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Re: cannot erase const instance; bug or feature?

 
 
tom_usenet
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      07-04-2003
On Fri, 4 Jul 2003 12:03:01 +0200, "Corno" <corno@%spam%.dds.nl>
wrote:

>Hi all,
>
>should the following code compile?
>
>void test(std::set<Thing *> things, Thing * const thing)
>{
> things.erase(thing);
>}
>
>My compiler complains that it cannot convert Thing * const to Thing *, but
>why should it need a non const pointer as this instance is not going to be
>changed?


That shouldn't cause a problem, since erase takes a const reference
argument anyway. Note that there's not much put in adding top level
const to function parameters, since they are copies anyway.

>As a work around, I now use a for loop to go through the set until I find
>the element and then I can delete that element.
>It seems an strange way to do it.


This code should compile fine:

#include <set>
class Thing;
void test(std::set<Thing *> things, Thing * const thing)
{
things.erase(thing);
}

If it doesn't, then your compiler is broken, otherwise you'll have to
post the code that *really* causes the error!

Tom
 
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Corno
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      07-05-2003

"tom_usenet" <(E-Mail Removed)> wrote in message
news:(E-Mail Removed)...
> On Fri, 4 Jul 2003 12:03:01 +0200, "Corno" <corno@%spam%.dds.nl>
> wrote:
>
> >Hi all,
> >
> >should the following code compile?
> >
> >void test(std::set<Thing *> things, Thing * const thing)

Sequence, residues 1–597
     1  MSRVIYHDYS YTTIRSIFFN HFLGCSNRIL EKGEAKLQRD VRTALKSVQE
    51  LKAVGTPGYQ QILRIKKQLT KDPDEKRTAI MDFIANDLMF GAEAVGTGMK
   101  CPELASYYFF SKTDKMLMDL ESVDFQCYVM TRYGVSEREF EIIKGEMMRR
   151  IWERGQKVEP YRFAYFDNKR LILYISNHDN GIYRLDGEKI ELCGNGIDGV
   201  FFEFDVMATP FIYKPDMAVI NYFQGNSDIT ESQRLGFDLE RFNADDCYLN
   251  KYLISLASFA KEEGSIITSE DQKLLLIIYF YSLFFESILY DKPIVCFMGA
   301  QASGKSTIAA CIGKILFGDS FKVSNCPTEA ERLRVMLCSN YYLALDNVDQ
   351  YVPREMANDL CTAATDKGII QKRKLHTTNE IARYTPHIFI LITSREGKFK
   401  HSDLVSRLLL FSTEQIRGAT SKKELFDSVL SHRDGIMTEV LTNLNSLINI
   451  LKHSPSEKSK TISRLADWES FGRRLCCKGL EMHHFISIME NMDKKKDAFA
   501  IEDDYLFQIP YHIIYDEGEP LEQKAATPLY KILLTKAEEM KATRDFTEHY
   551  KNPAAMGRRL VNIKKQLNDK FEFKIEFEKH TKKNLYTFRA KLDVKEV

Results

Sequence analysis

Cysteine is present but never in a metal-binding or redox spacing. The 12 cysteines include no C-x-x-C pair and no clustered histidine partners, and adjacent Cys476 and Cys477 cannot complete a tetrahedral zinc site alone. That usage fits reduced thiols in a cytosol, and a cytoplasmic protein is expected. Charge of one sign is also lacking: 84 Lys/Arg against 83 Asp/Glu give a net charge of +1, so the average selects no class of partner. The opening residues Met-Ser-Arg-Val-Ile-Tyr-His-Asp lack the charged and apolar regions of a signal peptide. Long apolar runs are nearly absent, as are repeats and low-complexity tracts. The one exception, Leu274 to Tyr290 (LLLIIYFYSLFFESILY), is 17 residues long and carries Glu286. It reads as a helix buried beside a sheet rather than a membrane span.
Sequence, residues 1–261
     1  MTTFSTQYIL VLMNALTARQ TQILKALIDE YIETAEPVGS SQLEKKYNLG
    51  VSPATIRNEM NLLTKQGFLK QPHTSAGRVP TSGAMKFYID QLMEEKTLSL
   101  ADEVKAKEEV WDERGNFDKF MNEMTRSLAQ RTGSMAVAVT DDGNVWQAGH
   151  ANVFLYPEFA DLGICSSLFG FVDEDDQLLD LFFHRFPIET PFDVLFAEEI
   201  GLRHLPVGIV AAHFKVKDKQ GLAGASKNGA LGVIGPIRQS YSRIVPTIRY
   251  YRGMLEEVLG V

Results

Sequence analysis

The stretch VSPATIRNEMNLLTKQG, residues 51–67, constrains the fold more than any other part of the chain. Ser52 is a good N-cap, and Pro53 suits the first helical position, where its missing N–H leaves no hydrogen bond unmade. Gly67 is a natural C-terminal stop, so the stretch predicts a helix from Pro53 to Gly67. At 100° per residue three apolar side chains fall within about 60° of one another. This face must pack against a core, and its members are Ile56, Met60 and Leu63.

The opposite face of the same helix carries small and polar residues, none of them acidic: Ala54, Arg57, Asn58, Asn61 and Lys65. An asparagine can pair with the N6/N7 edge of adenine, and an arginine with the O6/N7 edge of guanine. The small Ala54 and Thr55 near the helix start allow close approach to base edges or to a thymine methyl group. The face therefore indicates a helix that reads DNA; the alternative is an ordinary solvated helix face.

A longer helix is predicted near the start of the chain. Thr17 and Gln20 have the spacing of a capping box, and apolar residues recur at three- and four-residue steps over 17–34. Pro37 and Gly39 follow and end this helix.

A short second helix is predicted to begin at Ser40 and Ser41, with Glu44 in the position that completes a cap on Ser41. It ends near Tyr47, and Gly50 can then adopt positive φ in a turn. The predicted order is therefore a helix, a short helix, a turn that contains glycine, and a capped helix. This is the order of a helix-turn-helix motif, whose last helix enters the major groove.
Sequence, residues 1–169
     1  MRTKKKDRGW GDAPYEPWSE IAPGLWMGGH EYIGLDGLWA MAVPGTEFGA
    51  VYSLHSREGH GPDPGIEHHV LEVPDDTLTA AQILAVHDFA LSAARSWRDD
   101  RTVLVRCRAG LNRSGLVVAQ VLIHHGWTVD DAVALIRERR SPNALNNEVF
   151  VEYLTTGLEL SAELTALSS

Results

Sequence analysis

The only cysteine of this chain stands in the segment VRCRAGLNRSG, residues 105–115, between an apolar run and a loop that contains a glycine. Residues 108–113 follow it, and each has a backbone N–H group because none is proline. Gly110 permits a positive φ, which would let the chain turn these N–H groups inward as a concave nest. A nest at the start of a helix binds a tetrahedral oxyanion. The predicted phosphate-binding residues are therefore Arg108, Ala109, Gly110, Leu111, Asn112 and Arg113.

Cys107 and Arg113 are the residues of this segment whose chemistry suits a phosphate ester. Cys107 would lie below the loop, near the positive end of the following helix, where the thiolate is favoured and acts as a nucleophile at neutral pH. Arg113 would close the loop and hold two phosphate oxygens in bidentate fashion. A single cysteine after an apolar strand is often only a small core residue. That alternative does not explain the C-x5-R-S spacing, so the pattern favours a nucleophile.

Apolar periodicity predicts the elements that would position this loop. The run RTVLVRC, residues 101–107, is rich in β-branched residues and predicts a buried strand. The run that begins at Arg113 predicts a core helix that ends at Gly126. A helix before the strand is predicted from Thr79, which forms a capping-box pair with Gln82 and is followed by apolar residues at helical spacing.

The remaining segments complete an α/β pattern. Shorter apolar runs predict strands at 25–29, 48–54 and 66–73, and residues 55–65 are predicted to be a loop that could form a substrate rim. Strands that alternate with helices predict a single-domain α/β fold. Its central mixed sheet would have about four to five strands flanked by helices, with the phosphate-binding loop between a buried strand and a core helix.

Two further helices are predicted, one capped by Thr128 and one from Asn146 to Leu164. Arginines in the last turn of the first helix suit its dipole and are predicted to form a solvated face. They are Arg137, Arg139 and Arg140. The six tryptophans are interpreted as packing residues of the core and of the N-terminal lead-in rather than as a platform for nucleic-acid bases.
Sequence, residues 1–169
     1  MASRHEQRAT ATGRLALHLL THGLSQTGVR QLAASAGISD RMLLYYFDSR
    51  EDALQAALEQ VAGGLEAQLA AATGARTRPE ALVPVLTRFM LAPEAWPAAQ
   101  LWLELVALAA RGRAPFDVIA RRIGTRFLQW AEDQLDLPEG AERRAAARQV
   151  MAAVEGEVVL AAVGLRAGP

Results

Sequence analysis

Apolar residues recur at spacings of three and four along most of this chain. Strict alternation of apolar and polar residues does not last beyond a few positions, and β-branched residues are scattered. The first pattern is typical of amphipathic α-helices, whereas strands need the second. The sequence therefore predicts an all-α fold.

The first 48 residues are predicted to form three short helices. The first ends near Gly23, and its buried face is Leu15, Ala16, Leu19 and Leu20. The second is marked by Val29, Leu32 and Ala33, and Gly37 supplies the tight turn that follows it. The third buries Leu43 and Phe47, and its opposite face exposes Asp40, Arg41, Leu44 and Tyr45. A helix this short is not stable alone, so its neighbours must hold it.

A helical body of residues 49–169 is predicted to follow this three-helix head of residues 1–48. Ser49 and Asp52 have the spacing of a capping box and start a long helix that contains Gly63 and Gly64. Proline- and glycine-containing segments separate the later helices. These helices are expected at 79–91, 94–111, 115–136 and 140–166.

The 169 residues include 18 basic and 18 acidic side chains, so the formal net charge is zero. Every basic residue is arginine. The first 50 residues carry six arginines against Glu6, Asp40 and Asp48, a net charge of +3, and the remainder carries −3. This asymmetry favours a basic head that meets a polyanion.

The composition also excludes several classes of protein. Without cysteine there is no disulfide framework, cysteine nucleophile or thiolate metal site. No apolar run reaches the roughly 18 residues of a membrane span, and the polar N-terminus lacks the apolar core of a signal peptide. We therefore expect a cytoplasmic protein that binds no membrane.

> >{
> > things.erase(thing);
> >}
> >
> >My compiler complains that it cannot convert Thing * const to Thing *,

but
> >why should it need a non const pointer as this instance is not going to

be
> >changed?

>
> That shouldn't cause a problem, since erase takes a const reference
> argument anyway. Note that there's not much put in adding top level
> const to function parameters, since they are copies anyway.
>
> >As a work around, I now use a for loop to go through the set until I find
> >the element and then I can delete that element.
> >It seems an strange way to do it.

>
> This code should compile fine:
>
> #include <set>
> class Thing;
> void test(std::set<Thing *> things, Thing * const thing)
> {
> things.erase(thing);
> }
>
> If it doesn't, then your compiler is broken, otherwise you'll have to
> post the code that *really* causes the error!
>

Aiii.... I placed the const in the wrong place. It should have been in
between the 'Thing' and the pointer (thus a pointer to a const Thing), see
below.
I've now tested it with 2 compilers (MS and G++) and they both give an
error.
So... it's a feature.
But what is the logic behind it?

#include <set>
class Thing;
void test(std::set<Thing *> things, Thing const * thing)
{
things.erase(thing);
}


Corno


 
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